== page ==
Monday, November 17, 2014

Early Cold Snap

It has been cold since the arctic cold front blew in last week. The weekend was cold and damp and Sunday night brought a light dusting of snow. The temperature is expected to drop into the low 20s tonight. Even though a couple of hard freezes turned most of the flowers brown, there is still beauty to be found in the garden. 

The first pictures were taken during a cold drizzle on Sunday morning and the last couple of pictures were taken Monday morning.

The cold and moisture have a way of bringing out the colors in the garden. The blues in the Pale-leaf Yucca and the reds in the Little Bluestem are my favorites. I also like the look of the Variegated Yucca Gloriosa in the center of the picture. 

Agave neomexicana is the toughest of the agaves that I have grown. The others I had froze in a cold winter a few years ago. This one was a little slow to recover when I moved it, but it is now recovered and growing well. This year it had a baby pop up about four feet away.
  
A closer look at some of the Little Bluestem.

Yucca gloriosa from another angle. This yucca has been in the ground for a year now. It looks a little pale during the summer. I am not sure if it is the sun, heat, dry soil or a little of each. It looks great now. During the winter, the light leaf margins turn pink.

Pine Muhly and old Liatris flower stalks give the garden a spiky look. 

Most of the flowers in the garden succumbed to the freezing temperatures. These Autumn Sage flowers are still holding on to a little pink color. They will all be brown soon.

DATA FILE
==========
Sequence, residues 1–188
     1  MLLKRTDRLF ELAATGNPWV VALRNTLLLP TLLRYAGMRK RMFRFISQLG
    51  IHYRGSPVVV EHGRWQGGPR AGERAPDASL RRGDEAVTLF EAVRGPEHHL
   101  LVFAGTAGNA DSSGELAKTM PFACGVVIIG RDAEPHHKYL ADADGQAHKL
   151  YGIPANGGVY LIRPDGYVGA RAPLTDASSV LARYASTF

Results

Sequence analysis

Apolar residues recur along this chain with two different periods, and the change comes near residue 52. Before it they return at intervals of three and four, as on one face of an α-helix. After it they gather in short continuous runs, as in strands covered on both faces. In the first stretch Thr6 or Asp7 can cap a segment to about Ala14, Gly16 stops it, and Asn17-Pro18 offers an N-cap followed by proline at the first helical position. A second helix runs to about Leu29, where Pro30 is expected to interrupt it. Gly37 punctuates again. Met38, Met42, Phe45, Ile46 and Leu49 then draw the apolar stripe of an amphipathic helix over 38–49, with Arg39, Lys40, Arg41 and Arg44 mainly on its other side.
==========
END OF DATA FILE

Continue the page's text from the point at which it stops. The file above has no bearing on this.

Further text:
The Gregg's Mistflower may have a few surviving flowers. It is somewhat protected by the canopy of the neighbor's live oak tree.

I wish I knew how to take better close up shots. The silver leaves and purple flowers of Gregg's Dalea shimmer with droplets of mist.

The Skeletonleaf Goldeneye still looks pretty good. It will need to find a new home next year where it does not block the view of the stock tank.

Soon the leaves will drop from the Possumhaw Hollies, leaving the stems bare, except for the bright red berries.

Next year's Bluebonnet crop is doing well in the decomposed granite I added to the parkway. This is where the Snakeherb used to grow before I dug it out this summer. It is trying to make a comeback. I pull out the occasional sprig that sprouts from the deep roots that are still in the soil.

Ugh! Living one street south of a major thoroughfare and a high school means that trash blows into the garden when the wind comes from the north. Back in my lawn days, most of it kept going. Not now. Trash and leaves get trapped among the plants and need to be physically removed.

So that was Sunday morning. Sunday evening the garden was dusted with an unusually early snow. Next are a few pictures from Monday morning. The Little Bluestem and Liatris look great when backlit by the morning sun.




Here is that Bluebonnet again, now covered in snow. 

Monday, November 10, 2014

Timing is Everything

I discovered these two monarch caterpillars on my aphid infested Mexican milkweed a few days ago. Mamma monarch had bad timing with her egg laying because winter is coming a little early this year. Our first frost is usually around November 17, but an arctic cold front is bringing freezing temperatures this week.
That may not be good news for the caterpillars. I did not see them today, so maybe they found a place to form their respective chrysalises. I have seen swallowtail chrysalises survive through the winter and hatch in the spring. I am not sure if monarchs will do the same.

I planted garlic yesterday and picked the last of the green beans, black-eyed peas, and peppers. I guess I am about as ready for winter as I can be, but it sure would be nice to extend the autumn season a little longer. I usually try to protect some plants through the first couple of early frosts and cold spells because the temperatures usually rebound within a couple of days. I don't think I will bother this time because the forecasters are saying that it could be cold for the rest of the month.

So, goodbye butterflies, goodbye bees, and goodbye flowers. It was a good year. I will see you again in the spring.